LIBERTY PHIL 201 - Study_Guide_Lesson_11 (4 pages)

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Study_Guide_Lesson_11

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Liberty University
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Phil 201 - Philosophy and Contemporary Ideas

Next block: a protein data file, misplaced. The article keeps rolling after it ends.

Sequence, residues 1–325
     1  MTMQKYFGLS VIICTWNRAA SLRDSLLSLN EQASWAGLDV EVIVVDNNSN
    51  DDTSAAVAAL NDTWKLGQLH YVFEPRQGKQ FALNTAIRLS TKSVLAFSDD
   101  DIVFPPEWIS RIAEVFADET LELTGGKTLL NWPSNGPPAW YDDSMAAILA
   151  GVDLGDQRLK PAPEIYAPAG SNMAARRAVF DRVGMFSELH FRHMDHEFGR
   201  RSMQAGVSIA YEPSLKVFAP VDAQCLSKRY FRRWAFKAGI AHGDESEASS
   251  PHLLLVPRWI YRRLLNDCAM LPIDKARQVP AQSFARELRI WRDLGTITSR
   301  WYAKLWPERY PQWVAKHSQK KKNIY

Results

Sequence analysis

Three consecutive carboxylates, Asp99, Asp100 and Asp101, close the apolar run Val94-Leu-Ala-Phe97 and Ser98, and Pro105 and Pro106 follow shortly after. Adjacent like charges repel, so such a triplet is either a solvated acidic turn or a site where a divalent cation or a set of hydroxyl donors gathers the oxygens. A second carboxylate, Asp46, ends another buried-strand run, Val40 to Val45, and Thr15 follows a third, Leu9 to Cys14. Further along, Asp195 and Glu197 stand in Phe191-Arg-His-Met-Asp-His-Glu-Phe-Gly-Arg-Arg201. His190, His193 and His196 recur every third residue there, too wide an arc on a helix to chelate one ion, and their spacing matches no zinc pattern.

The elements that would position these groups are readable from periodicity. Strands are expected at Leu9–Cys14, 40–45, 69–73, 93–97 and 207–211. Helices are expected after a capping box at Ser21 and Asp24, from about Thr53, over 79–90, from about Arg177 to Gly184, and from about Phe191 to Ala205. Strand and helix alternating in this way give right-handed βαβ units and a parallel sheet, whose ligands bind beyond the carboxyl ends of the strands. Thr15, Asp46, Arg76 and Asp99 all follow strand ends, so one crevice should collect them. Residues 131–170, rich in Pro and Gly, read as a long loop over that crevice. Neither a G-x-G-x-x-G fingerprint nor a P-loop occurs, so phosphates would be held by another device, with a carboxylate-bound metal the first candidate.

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PHIL 201 STUDY GUIDE LESSON 11 Acquiring Knowledge Lesson Overview In our introductory lesson in epistemology we defined knowledge as justified true belief In our last lesson we discussed the truth aspect of this definition In this lesson we want to examine the belief element Knowledge begins by adopting beliefs and one question philosophers have deliberated about for centuries has to do with the source of our beliefs where do they come from That is the subject of our reading and our presentation There is some overlap between these but consider one as expounding upon the other Tasks View and take notes on the presentation How are Beliefs Acquired According to Plato how do we learn things Rationalism Two worlds world of being world of becoming Encounter forms Born with knowledge and learning is then a process of recollection of what we already know How did Descartes arrive at the existence of God Matter God Based on the fact that I exist and that I have a concept of God God in fact also must exist The ontological argument Matter I can t doubt it because I God God would not deceive me of what I clearly and distinctly perceive My senses tell me that matter is there and therefore that matter must be there The reason why I know it s there is because I deduce what my senses tell me is in fact there because God depends upon that Explain Kant s combination of empiricism and rationalism and his radical conclusion We are born with innate categories of understanding that help us understand this sense experience And that some of these things that we call knowledge like causality or time and space are not really knowledge Reality provides the raw data called the noumena through our senses But then our mind takes that and manipulates that and organizes that into knowledge which he called the phenomena of what we know Read and take notes on Chapter 3 of How Do You Know A Short Introduction to the Issues of Epistemology Where Does Knowledge Come From As you do consider the following questions and points 1 List the 5 sources for knowledge o Reason used by rationalists pg 32 o Experience pg 37 o Testimony pg 42 o Revelation pg 44 o Faith not a source some use it pg 45 2 Explain Plato s doctrine of the forms and the 2 worlds and why Plato was hesitant to build a theory of knowledge on the physical world Plato argued that ultimate reality was not in physical objects of experience which constantly change but in the metaphysical entities known as forms Hesitant to build a Page 1 of 4 PHIL 201 theory of knowledge on the physical world due to physical objects being subject to change and felt knowledge should be based on things that are fixed causing us to use reason and reflection to consider the forms themselves pg 33 3 How do we gain true knowledge according to Plato Knowledge was gained only when one considered the forms and not when one considered the physical world pg 34 4 Explain Plato s divided line The horizontal line divided reality into 2 different realms The metaphysical and the physical Then he added a vertical line which illustrated the dominant role that reason plays in his theory of knowledge pg 34 5 What was Descartes searching for and how did he conduct that search Descartes has 2 questions 1 How do we know what we know 2 Can we have any certainty 3 He mostly wanted was a way to establish his knowledge with absolute certainty He decided he would doubt everything except for those ideas which were clear and distinct in his mind 6 Why can Descartes be certain about is existence He could doubt the esistance of his body but could not doubt that he himself existed pg 36 7 What is the distinction between hard and soft empiricism Hard empiricism claim that knowledge comes only from the sense Soft empiricism claim that most knowledge comes to use through the senses pg 38 8 How does the epicurean view of reality affect their epistemology Because they believed the physical world was all there is to reality knowledge of any kind must be about the physical only Where our senses give us direct information about the world Epicureans thought we were obliged to accept it as true pg 38 39 9 Contrast the deductive method with Bacon s inductive scientific method Deductive method Aristotelian Scientists started with general ideas that were held to be true and then interpreted their observations about nature through the lens of the general axion Bacon s inductive scientific method novum organum emphasized thorough experimentation observation of the physical world at the heart of the scientific enterprise pg 39 10 Explain Locke s empiricism including his division of simple and complex ideas Locke states that at birth the mind was a blank slate and that all ideas and knowledge come to us through our senses and experiences Locke made a clear distinction between simple ideas and complex ideas For Locke simple ideas consisted of mental representation of one single quaslit unmixed with any others For complex ideas are built from many different simple ideas presented to the mind 11 Explain Hume s radical empiricism including Hume s Fork and the conclusion he reaches based on the egocentric predicament Hume s radical empiricism is viewed as skepticism because of the restrictions he placed on what we can claim to know Hume s fork are the relations of ideas and matters of fact Relations of ideas are those propositions that are logically true and therefore certain but tell us nothing about reality Matters of fact are impressions of reality based on sense perceptions Hume concludes that all sorts of metaphysical claims as knowledge including religious claims are rejected And that all we can claim to know are the phenomena of our own experiences but not any reality outside these experiences Page 2 of 4 PHIL 201 12 Why are epistemologists suspicious of testimony as a source for knowledge One must be careful when relying on testimonial evidence because it is not a firsthand source of knowledge Also the possibility of forgotten details because of misinformation or incompetence is still viable 13 Why is divine revelation an important source of knowledge about God It is an important source of knowledge about God because it gives us data to base our claims on Pg 44 45 14 Is faith properly understood as a source of knowledge Why or why not When properly understood faith is not a source of knowledge because it does not give us any new information or knowledge Terms Make sure you fully understand the following terms and